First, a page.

Olympics: a maverick skier who could medal
Andrew Newell is turning cross-country skiing on its head, literally, and is one of the U.S. Team's best hopes for an olympic medal.
When Andrew Newell is suspended in midair above the luscious melting snow of a spring day in Utah, he doesn't have time to think about the fact that he could become the first US cross-country skier to medal at the Olympics in 34 years.Skip to next paragraph
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He's too focused on landing a back flip on skinny skis.
But it is precisely Newell's unorthodox style and superior athleticism that may enable him to do what no American has done since 1976. Agile as a cat, and audacious enough to integrate expertise from sports as removed as rugby, he has been ranked among the top five sprint skiers in the world since 2006.
But Newell, part of a rising generation of US skiers that also includes potential medalists Kikkan Randall and Kris Freeman, is more than a star. He's a missionary of sorts – for his sport, and for the Olympic movement as a whole.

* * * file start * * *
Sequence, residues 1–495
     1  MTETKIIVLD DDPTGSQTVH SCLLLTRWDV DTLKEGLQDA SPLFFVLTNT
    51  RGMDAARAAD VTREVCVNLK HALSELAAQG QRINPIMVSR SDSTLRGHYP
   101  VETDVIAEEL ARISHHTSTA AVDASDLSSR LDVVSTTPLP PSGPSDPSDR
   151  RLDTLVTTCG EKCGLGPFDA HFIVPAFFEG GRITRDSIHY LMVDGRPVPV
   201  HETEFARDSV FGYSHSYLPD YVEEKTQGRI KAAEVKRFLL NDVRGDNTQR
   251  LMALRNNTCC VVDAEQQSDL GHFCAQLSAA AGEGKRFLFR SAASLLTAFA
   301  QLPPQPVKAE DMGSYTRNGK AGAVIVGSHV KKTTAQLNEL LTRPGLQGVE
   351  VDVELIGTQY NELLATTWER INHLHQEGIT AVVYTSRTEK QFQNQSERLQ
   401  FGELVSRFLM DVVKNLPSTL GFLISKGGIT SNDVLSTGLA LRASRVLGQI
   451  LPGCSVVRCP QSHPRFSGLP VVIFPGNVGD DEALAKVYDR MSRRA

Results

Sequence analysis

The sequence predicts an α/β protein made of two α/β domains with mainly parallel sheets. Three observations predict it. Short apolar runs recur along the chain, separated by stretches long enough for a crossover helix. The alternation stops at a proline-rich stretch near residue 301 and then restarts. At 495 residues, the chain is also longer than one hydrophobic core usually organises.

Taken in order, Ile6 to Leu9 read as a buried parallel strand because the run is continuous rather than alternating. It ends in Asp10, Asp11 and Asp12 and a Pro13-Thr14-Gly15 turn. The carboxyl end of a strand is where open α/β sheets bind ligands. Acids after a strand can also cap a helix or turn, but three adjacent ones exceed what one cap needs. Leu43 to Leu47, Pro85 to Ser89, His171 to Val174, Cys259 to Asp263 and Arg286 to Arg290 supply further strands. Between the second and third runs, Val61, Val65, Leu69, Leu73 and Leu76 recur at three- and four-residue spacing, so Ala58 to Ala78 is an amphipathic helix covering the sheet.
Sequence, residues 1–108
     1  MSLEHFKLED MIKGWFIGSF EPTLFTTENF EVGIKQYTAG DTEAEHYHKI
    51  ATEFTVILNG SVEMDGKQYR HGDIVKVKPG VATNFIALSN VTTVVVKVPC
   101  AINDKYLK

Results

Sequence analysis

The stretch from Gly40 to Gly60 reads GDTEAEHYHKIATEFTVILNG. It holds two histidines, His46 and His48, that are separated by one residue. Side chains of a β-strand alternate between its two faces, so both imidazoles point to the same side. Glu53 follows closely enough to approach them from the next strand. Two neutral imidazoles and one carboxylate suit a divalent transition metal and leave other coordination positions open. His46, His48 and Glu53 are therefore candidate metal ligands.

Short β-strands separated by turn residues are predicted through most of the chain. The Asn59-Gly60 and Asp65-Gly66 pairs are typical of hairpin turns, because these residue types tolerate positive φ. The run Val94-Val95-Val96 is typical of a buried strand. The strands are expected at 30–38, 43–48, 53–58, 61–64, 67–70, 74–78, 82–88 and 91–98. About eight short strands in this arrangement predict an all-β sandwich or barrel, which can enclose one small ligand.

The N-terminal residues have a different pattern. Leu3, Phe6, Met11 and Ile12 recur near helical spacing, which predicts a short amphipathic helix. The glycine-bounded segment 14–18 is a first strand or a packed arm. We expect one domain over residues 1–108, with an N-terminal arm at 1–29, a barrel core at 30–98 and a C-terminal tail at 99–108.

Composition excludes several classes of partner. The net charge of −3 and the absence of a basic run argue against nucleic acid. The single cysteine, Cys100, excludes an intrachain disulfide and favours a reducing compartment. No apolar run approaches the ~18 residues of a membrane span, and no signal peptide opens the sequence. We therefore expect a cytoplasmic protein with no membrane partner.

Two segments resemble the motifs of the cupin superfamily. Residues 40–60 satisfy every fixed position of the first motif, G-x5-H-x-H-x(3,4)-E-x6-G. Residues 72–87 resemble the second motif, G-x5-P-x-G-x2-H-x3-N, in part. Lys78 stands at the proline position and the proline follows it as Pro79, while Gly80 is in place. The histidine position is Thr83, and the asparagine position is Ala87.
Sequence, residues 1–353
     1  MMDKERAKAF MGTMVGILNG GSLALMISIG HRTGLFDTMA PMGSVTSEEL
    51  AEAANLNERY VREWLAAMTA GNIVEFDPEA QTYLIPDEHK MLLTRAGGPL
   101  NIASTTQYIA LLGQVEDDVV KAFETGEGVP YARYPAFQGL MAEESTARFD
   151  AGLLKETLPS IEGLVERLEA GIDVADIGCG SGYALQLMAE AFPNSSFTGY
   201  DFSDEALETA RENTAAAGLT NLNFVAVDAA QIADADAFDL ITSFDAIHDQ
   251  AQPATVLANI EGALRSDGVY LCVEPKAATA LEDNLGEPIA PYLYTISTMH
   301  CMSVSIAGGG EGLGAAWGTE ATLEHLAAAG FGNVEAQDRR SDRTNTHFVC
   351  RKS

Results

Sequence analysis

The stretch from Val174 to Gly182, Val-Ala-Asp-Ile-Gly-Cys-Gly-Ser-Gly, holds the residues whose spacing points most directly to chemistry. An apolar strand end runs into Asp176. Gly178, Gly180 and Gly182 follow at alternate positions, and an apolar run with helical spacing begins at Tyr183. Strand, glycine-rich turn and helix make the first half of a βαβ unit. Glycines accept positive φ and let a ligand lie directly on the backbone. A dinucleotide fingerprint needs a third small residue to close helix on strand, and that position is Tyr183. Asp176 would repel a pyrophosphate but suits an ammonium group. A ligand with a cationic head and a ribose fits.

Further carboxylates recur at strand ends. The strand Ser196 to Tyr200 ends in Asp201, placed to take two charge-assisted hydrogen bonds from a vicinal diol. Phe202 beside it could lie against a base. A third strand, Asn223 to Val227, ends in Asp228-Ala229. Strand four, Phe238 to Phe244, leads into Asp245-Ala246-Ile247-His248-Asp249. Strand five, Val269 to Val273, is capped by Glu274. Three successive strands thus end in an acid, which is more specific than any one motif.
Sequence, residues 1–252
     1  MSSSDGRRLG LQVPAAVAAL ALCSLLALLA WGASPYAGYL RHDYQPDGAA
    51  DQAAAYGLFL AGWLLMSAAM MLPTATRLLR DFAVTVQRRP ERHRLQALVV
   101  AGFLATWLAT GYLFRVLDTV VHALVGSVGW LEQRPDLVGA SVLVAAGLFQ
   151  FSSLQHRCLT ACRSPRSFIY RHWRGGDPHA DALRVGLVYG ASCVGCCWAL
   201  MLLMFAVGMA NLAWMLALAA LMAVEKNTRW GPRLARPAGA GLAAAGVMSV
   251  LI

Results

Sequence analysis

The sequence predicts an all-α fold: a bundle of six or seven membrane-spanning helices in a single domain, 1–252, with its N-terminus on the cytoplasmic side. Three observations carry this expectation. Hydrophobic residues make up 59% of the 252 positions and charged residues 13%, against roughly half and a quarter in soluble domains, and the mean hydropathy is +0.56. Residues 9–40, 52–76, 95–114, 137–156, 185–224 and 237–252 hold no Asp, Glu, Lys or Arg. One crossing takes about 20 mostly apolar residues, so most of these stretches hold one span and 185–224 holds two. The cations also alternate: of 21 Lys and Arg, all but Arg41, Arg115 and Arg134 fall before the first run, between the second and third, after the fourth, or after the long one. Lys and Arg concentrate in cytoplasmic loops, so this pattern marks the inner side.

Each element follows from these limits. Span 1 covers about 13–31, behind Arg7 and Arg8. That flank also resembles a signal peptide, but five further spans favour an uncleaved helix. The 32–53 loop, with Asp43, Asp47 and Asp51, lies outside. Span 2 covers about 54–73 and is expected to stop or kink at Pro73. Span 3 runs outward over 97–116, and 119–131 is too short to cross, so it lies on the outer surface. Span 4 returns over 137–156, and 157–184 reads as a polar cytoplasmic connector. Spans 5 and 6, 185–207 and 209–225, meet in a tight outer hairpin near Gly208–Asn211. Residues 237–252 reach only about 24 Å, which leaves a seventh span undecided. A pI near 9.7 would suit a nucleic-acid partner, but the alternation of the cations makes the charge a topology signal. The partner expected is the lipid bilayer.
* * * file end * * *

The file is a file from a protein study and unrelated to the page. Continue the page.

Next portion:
Because, let's face it: Securing the attention of America's TV audience with European sports practiced only in scattered pockets of the United States – mainly ones with populations as low as their temperatures – is no small feat in this day of "American Idol" and "Desperate Housewives."
As much as Americans love the Olympics, few have ever gotten near a luge track and most think of Nordic skiing as something for granola-crunching folks to do in Grandpa's backyard, as Newell puts it.
The International Olympic Committee gets that. So in an effort to spice up the Games, it has in recent years added a slew of new events to both the summer and winter programs – including snowboard cross and BMX racing. With head-to-head action, jumps, and a strong dose of gravity, they offer speed, drama, and the potential for spectacular crashes.
But so does cross-country skiing, argues Newell.
"In some ways, cross-country skiing is one of those original Olympic races that are extreme," he says.
As an athlete who bridges the central tension of the modern Olympics – tradition versus X-Games appeal – he's on a mission to prove that cross-country skiing has both.
Oh, yeah, and beat a few Scandinavians while he's at it.
Newell has the pedigree of a world-class skier – Vermonter, ski academy graduate, and protégé of a coaching dynasty that produced Bill Koch, the sole US medalist in Olympic cross-country skiing history.